Kim, seriously buzzed from her welcome shot, suddenly indifferent about roaming charges, pulled up the winning selfie—an angled landscape of Kim frozen in laughter, Landon eyeing her (with a look she thought would pass for contentment), a perfect arc of white surf behind them—and posted it to her several social media accounts with the caption: “Finally living a little.” This, Kim calculated, would fetch many positive responses, such as the healthy nature of their relationship and Kim’s superior persistence (i.e., prying Landon from the TV, trashing his unhelpful landing-gear bloopers videos, getting him on a plane).

Right away, her phone dinged. Comment received (re: the healthy nature of their relationship).

Kim waved over a wandering cerveza girl, which Landon thought was lazy—they sat 50 feet from the straw-hut beach bar. The petite girl teetered under the weight of multiple clinking cooler bags strapped around her neck, shoulders, and arms. She wore a fanny pack labeled “Tips.” Her mashed breasts spilled out the top of her tight tank top. Landon caught himself staring and turned away, sucking back his rum.

The kayak boys came ashore, grabbed some wheelbarrows, and followed the seaweed rakers, scooping up, carting off the unsightly piles. So maybe a kid wasn’t missing. Back at the check-in desk, when the hefty managerial-looking one had noticed Landon spying the unshielded photocopy, he smiled, slid his clammy arms around Landon and Kim, and got them their keys and welcome rum. He pulled a wad of Dominican pesos from his breast pocket, peeled off a thick layer, and passed them to Landon. “Souvenirs, my friends.”

Soon after, during Landon and Kim’s what-Landon-thought-he-saw argument from the villa suite to the beach, the hefty fellow’s voice bellowed from speakers bolted to palm trees: he was dispatching the cerveza girls. “Everyone, enjoy,” he said. “Do not worry about nothing but your good times.” Then some Miami Sound Machine came over the speakers and a conga line formed on the beach.

Landon watched the water. Still no floating corpses. Or people looking for one. Kim was right. As usual. What did he know? He was all theory. And he hated that he always had to tint those theories with doom, tragedy, etc.

Kim lightened one of the cerveza girl’s cooler bags by whatever four cervezas weighed—two moderately-chilled bottles went to Landon.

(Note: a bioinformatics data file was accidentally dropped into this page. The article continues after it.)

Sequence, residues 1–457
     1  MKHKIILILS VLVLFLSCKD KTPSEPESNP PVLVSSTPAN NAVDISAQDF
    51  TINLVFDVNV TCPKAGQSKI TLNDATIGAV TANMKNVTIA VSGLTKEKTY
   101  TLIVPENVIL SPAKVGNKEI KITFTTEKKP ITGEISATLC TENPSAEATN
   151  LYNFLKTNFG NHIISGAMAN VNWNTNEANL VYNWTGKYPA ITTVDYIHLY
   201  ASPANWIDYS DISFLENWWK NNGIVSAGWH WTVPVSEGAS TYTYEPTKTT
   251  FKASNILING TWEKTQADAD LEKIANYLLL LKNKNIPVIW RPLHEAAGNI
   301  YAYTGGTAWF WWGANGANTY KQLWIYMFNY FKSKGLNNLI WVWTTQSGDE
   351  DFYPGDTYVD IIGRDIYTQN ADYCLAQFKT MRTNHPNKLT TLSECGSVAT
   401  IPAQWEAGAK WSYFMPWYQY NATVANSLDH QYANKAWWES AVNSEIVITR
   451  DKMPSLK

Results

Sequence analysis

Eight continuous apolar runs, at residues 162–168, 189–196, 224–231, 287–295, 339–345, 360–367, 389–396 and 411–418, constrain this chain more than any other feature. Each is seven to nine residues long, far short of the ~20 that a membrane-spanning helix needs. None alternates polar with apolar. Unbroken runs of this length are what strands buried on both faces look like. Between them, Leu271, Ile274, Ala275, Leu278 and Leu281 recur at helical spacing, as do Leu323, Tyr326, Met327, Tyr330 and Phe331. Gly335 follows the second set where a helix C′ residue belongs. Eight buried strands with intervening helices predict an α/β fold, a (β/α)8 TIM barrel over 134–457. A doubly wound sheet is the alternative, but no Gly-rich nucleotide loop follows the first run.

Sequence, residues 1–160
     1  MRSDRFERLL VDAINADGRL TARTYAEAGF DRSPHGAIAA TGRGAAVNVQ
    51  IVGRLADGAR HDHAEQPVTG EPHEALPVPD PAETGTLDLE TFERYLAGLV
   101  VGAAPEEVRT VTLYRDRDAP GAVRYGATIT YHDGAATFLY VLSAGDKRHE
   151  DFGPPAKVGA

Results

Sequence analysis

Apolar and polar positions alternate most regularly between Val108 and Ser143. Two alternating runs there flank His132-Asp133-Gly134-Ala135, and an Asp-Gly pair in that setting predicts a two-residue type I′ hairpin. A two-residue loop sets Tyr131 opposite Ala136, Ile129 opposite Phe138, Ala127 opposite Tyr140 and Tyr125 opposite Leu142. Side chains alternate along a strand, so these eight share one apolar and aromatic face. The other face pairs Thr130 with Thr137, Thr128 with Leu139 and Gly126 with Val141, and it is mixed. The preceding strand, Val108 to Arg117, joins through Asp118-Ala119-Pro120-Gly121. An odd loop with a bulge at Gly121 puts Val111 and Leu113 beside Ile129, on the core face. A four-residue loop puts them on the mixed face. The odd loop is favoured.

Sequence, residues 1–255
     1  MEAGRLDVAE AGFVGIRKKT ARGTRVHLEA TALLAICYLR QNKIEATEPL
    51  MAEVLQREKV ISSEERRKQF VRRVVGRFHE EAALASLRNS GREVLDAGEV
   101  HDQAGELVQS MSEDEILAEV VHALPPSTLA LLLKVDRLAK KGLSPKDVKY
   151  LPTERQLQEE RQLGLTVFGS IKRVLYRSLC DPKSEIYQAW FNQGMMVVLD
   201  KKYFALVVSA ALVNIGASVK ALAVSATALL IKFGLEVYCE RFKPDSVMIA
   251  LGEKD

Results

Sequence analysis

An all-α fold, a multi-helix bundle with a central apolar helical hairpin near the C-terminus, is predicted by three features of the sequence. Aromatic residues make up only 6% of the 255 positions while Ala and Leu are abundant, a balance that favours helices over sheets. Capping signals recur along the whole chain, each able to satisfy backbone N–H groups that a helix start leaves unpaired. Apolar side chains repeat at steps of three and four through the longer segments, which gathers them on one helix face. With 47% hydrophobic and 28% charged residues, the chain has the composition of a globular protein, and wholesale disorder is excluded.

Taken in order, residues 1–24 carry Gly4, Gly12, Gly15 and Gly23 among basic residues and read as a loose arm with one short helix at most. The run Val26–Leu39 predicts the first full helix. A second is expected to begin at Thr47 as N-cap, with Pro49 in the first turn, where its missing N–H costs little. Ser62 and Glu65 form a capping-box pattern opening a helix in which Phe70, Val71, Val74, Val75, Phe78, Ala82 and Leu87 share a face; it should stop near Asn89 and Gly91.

Kim’s phone dinged (healthy nature of their relationship).

Landon pulled the wad of pesos from his pocket and motioned to the girl’s fanny pack.

“Oh, no dollars?” she said, taking Landon’s bills, leafing through them.

Landon patted his shorts. “Wallet’s in the safe.”

“You know the difference?” The girl pulled a crisp green Canadian 20-dollar bill from her fanny pack, overdramatically caressing Queen Elizabeth II’s regal face. “This one? So pretty.”

She found a 20-peso bill, browned and faded, waving it like it had an odour. “This one, we stuck with. Play money.”

“It’s all he’s got,” Kim said. “Don’t want it? It’ll be a nice keepsake for us.”

From Kim’s phone, another ding, various corners of North America celebrating the successful marriage of Kim and Landon Chimera.

The girl’s pouty smirk shrunk. She pocketed Landon’s pesos and set off for another sunshade—a reclined white guy waved for her like he’d been without a beer for several minutes.

“Thought I was doing something good.” Landon swigged from one of his bottles. “Resort probably pays these people peanuts.”

“I think resort workers do alright in third world countries.”

Developing countries.”

Kim swallowed beer. “National Geographic?”

“A&E.”

Kim put her bottle to her lips. “Helped that she had nice tits though, right?”

Landon choked on his skunky beer.

Kim snorted, reaching over, patting Landon’s leg, grasping his hand.

There were more cerveza girls. There were more cervezas. Soon, inexplicably, there were Dominican cigarettes. Kim and Landon took harsh musky drags, coughing, describing their rookie-smoker head rushes to one another, speaking of how they were living their lives (disregarding all those detriments-of-smoking specials they must have seen over the years). Things were spinning. That postcard view melted in a tropical turquoise swirl. Music thumped. People danced.

After sundown, bamboo torches lit a strip of shoreline. Moonlight glimmered on water. Kim and Landon swayed in a subdued crowd to an old Roxy Music song, close and sweaty in the lingering mugginess. Farther down the beach, the party livened: strobing lights, people in glowing jackets. Landon, bleary-eyed, remembered dancing to this song at their wedding. Down the beach: sirens, hysterical screams. Landon’s legs buckled. He held onto Kim, cheek on her shoulder, breathing sweet coconut lotion. Maybe it’d been a different song at their wedding. He wasn’t going to bring it up until he was sure.